They did it today. They took over. My students, that is.
I was happily minding my own business, teaching them the day’s lesson when suddenly they took over the learning. It was down-right revolutionary. And I couldn’t have been more ecstatic about it.
I’ve been dabbling in the realm of digital learning for an article I’m writing. Today I thought I’d try an experiment. What if I actually USE what I’m writing about in MY class? I teach second year English majors at a local technical college. The class is Conversational English. I have the freedom to use whatever curriculum I choose. So today it was a geography lesson: The World is Flat. My students had never heard of Thomas Friedman. They had heard of Christopher Columbus, so when I wrote those words on the board they seemed a bit confused. But in our last class we examined the English terms for concepts they are quite familiar with – “streaming audio/video,” “social networking,” “chatting,” and “online gaming”. I also introduced ideas about expanding their learning beyond their classroom or text book. But I could tell the lesson was barely brushing the surface of their sponge-like minds. So today I blew their minds away. I hope I did, anyway.
I introduced the concept of the flat world in much the way Friedman does in his introduction, in fact paraphrasing him. We discussed ideas like “collaboration” and “out-sourcing”. They know the ideas, just not the English terminology, and they only know it conceptually, not in practice. China is a collective society, but it is woefully ignorant of the practice of collaboration.
Near the end of the first half of class, when we were about to break, I asked the class who had Web access on their mobile phones. 95% of the class raised their hands. I told them to use Google in English, and search for whatever they wanted. Some needed help. I guided – “What do you do in your spare time?” Blank look. “What do you enjoy doing when you are not studying?” A hesitant, “Watch movies,” uttered the shy student. “Great! What kind of movies?” She nearly squeaked, “Funny movies.” “Okay,” I said, “search for ‘comedy movies’.”
Others needed no help at all. One searched for the history of basketball. Another for the newly announced host city for the 2016 Summer Olympics. Those who had no phone crouched close to their friends. Groups of students whispered what they found. I approached two students who weren’t searching. No phone. I handed them mine, and walked away. A few minutes later, I came back to see what they were looking for. “Who is Thomas Friedman?” was in the search field. “Yes!” I shouted, surprising them. “That’s it!” I had written his name next to the title of the book. They wanted to know who he was. And without any prompting from me, they whipped the learning right out of my hands, and took over. And they worked straight through their break time.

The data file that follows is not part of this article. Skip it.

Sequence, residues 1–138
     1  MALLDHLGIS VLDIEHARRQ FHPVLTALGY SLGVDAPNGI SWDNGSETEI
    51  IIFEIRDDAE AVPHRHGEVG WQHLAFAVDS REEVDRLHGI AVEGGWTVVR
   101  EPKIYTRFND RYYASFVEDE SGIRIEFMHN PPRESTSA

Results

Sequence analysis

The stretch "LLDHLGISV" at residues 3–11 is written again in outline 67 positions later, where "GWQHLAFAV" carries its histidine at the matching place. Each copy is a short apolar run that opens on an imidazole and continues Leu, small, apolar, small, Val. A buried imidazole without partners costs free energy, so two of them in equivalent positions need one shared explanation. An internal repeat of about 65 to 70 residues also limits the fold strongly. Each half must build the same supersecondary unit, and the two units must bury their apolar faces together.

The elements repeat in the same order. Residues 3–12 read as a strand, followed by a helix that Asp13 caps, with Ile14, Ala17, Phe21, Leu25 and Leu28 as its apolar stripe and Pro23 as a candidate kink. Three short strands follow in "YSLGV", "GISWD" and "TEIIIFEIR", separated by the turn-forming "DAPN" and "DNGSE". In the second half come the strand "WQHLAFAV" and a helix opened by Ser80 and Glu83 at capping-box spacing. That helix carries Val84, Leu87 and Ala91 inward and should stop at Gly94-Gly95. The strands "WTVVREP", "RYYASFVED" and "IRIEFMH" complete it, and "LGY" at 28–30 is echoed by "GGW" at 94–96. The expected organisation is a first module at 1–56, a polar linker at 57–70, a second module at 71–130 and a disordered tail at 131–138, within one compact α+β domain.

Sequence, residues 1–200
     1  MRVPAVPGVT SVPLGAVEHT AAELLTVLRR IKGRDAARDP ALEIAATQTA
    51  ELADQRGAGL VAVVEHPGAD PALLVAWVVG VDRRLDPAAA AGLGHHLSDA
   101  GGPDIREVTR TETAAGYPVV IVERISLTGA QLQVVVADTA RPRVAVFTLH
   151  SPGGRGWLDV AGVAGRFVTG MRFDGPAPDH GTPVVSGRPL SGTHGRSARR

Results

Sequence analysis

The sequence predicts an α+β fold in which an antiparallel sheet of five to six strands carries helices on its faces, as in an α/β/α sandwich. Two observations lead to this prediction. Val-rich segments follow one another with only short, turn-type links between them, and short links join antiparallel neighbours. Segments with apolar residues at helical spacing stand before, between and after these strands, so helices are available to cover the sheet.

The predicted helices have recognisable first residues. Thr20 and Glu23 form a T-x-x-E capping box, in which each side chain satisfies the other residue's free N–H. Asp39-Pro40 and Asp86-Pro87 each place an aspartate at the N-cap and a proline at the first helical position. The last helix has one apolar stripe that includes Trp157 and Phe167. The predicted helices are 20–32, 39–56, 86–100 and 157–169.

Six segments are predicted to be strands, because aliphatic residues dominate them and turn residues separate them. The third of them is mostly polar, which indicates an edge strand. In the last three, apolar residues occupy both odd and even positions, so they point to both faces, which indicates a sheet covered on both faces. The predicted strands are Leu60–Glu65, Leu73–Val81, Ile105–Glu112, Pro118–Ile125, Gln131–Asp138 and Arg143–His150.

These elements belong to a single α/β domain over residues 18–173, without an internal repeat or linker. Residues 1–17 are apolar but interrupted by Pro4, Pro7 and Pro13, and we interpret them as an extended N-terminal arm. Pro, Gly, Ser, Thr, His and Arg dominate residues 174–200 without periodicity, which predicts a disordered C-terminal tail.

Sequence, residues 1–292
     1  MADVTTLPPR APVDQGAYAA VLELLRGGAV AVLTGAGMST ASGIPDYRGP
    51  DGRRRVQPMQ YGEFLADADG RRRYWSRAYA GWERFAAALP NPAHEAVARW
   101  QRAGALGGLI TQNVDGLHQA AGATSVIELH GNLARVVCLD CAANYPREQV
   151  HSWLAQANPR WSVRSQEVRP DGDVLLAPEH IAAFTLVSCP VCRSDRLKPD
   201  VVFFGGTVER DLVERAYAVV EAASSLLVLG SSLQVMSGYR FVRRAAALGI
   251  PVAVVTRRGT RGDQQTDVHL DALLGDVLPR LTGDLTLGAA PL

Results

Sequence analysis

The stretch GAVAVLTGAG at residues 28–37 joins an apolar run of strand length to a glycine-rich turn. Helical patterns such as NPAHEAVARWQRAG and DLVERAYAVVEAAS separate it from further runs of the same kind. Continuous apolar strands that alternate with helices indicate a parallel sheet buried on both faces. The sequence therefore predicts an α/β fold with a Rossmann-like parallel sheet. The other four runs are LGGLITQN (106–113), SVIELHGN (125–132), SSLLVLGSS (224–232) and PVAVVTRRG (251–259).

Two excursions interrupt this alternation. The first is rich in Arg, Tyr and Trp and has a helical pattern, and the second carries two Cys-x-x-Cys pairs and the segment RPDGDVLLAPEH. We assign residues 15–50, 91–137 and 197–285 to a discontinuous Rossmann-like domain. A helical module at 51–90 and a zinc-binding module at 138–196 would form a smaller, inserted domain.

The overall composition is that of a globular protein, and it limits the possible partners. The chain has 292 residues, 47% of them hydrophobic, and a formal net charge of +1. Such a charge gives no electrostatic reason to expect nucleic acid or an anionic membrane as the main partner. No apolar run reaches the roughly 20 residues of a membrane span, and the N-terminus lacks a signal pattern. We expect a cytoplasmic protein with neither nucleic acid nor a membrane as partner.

The timid girl who watched movies found a list of the 100 funniest movies of all time. Now maybe she’ll watch them in English, and practice her listening comprehension and pronunciation. Later, they had to come up with 5 examples of how the world is flat. They had to create ideas. And they did a fantastic job. Creative thinking has not been a strong suit among these students, but they were suddenly coming up with examples of how the world is flat:
Changing our appearance…Girls in China want blue eyes, because of Western influence. They can see how they will look online with blue eyes, just by uploading a picture.
Surgeries that were impossible in China before because of lack of expertise can be done using telemedicine.
Automobiles are manufactured using parts created from every corner of the globe.
In the introduction of the book, Friedman mentions Dalian. It is the outsourcing center of China as Bangalore is for India. He interviews the former mayor of Dalian, Xia Deren. The mayor talks of China’s human resource capital – the largest number of university graduates in the world:
“Though in general our English is not as competent as that of the Indian people, we have a bigger population, [so] we can pick out the most intelligent students who can speak the best English.”
These are my students, who are sitting in my class room, and taking over the world by taking over their own learning! That’s the kind of coup I can support.